Second Sunday of Epiphany/Lectionary 2
1 Corinthians 12:1-11
January 17, 2010
Grace to you and peace, from the one who is, and who was, and who is to come. Amen.
The early Christian church at Corinth was a divided church,
a community of faith that had a hard time getting along.
There were quarrels among the faithful,
lawsuits between believers and accusations of false teaching.
The community was split over which preacher, which teacher to whom they pledged allegiance –
some followed Apollus, some Cephas, some Paul …
They had a hard time agreeing about much of anything –
There were disagreements and divisions about what constituted a proper Christian morality,
particularly in regards to sexuality.
They debated whether Christians should marry at all,
how they should interact with the broader pagan culture,
and the proper role and dress of women in the church.
The social and economic differences among them were on full and sad display at the Lord's Supper,
as some gathered for the sacred meal and ate much and got drunk,
while others went away hungry.
They debated the relative value of spiritual gifts,
and at least on one occasion within their worship someone proclaimed, "Let Jesus be cursed!"
Some of them questioned the resurrection itself.
In short, the Christian church at Corinth –
two letters to which are found in our Bible –
was a complete and utter mess ….
a fact that should give us some comfort as we evaluate the state of the church today.
And so it is into this mess that St Paul steps.
In his broad-reaching first letter to the Corinthians,
Paul addresses these disparate issues
and seeks to give this divided community a way to see itself as a unified body,
rather than as a fractured family.
At times in this letter he sets them straight where they have gone wrong,
forcefully providing them with a clear and concise teaching to which they should adhere.
Yet at other times in this letter he simply suggests that what unites them –
faith in our Lord Jesus Christ –
is much bigger and better than what divides them.
The section of 1 Corinthians from which we read today,
and from which we will continue to read for the next few weeks,
addresses the divisions felt by the Corinthian church regarding spiritual gifts.
Paul names some of these gifts,
including gifts of knowledge and wisdom,
gifts of speaking in tongues, prophesy, healing, discernment of spirits, among others.
It seems that the Corinthian church was ranking these gifts,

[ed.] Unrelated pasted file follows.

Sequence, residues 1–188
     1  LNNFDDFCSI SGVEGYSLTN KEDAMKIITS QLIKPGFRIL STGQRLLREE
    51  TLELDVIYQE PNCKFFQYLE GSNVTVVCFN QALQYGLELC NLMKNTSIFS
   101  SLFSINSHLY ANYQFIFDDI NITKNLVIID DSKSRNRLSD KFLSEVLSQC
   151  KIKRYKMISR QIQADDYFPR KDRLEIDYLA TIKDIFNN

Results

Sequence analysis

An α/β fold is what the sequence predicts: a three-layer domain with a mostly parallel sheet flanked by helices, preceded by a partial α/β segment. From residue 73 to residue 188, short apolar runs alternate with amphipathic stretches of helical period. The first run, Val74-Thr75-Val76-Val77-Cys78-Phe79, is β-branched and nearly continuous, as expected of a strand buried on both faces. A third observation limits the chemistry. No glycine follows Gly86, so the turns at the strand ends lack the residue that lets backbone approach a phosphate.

emphasizing some over others, especially the gifts of speaking in tongues and prophesy.
Before Paul gets into the spiritual gifts themselves –
some of which would seem quite exotic to us today –
Paul makes this much clear:
nobody speaking by the Spirit of God ever says, "Jesus be cursed,"
and nobody can say "Jesus is Lord" except by the Holy Spirit.
That is, before wading into the waters of which spiritual gifts are better than the others,
or how the gifts rank or whether some gifts are indeed not of the Spirit,
Paul subordinates the question of spiritual gifts altogether
to the central and unifying issue in any Christian community –
their common profession of Jesus as Lord,
which, Paul says, is itself a gift of the Spirit.
Nobody confesses Jesus is Lord except by the Holy Spirit, he writes.
Notwithstanding all their divisions on important matters,
Paul urges their unity, reminding them that any who calls Jesus "Lord"
is moved to do so by the Holy Spirit.
Surely these words gave pause to any in the Corinthian church
who would belittle a sister or brother in Christ or divide the Christian community,
for the same Spirit moves among and motivates all who confess Jesus as Lord.
These words give me pause, I'll admit.
Like the Corinthians, I have my moments when I want to divide the church,
when I want to rank believers – particularly fellow pastors –
according to their gifts, their theology, their wisdom (or lack thereof).
There are some Christians who do things that really get me riled up
and make me question their faith, their sanity, their compassion …
But Paul's words ring loud and clear … No one says Jesus is Lord except by the Holy Spirit.
Even Pat Roberson? Even Pat Robertson.
You may have heard that a day after the earthquake in Haiti,
Pat Robertson, host of the 700 Club Christian television program
and founder of Regent University and the Christian Broadcasting Network,
suggested that Haiti is cursed because of a pact that its people supposedly made
with the Devil some 200 years ago,
and that this curse explains Haiti's history of misery and suffering …
including, by implication, the horrible earthquake.
In another segment, he wondered if the earthquake – which has killed thousands of people –
could be seen as a "blessing in disguise" for the people of Haiti. A blessing in disguise?
I joined millions of people in shaking my head and rejecting his words,
repulsed that he proclaims a god who sends death and destruction to teach people a lesson.
I can't begin to fathom what causes someone to say such stupid things
when our Scripture is filled with passages about God's love and compassion,
God's presence with the poor and sick and suffering,
with a story about God's own Son who suffered and died